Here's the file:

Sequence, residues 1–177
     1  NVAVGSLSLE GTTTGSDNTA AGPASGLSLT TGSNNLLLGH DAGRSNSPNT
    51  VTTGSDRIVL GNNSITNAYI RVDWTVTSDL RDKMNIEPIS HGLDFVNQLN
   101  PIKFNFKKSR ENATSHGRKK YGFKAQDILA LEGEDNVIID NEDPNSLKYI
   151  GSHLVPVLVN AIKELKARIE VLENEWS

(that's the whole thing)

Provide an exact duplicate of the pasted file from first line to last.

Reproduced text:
Sequence, residues 1–177
     1  NVAVGSLSLE GTTTGSDNTA AGPASGLSLT TGSNNLLLGH DAGRSNSPNT
    51  VTTGSDRIVL GNNSITNAYI RVDWTVTSDL RDKMNIEPIS HGLDFVNQLN
   101  PIKFNFKKSR ENATSHGRKK YGFKAQDILA LEGEDNVIID NEDPNSLKYI
   151  GSHLVPVLVN AIKELKARIE VLENEWS